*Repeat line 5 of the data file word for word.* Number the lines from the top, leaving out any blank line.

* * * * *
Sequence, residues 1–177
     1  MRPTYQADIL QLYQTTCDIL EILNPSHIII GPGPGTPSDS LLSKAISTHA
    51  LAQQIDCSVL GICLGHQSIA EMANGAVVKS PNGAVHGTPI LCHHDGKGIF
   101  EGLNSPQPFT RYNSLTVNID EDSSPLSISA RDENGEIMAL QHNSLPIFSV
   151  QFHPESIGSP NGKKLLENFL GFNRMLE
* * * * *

   151  QFHPESIGSP NGKKLLENFL GFNRMLE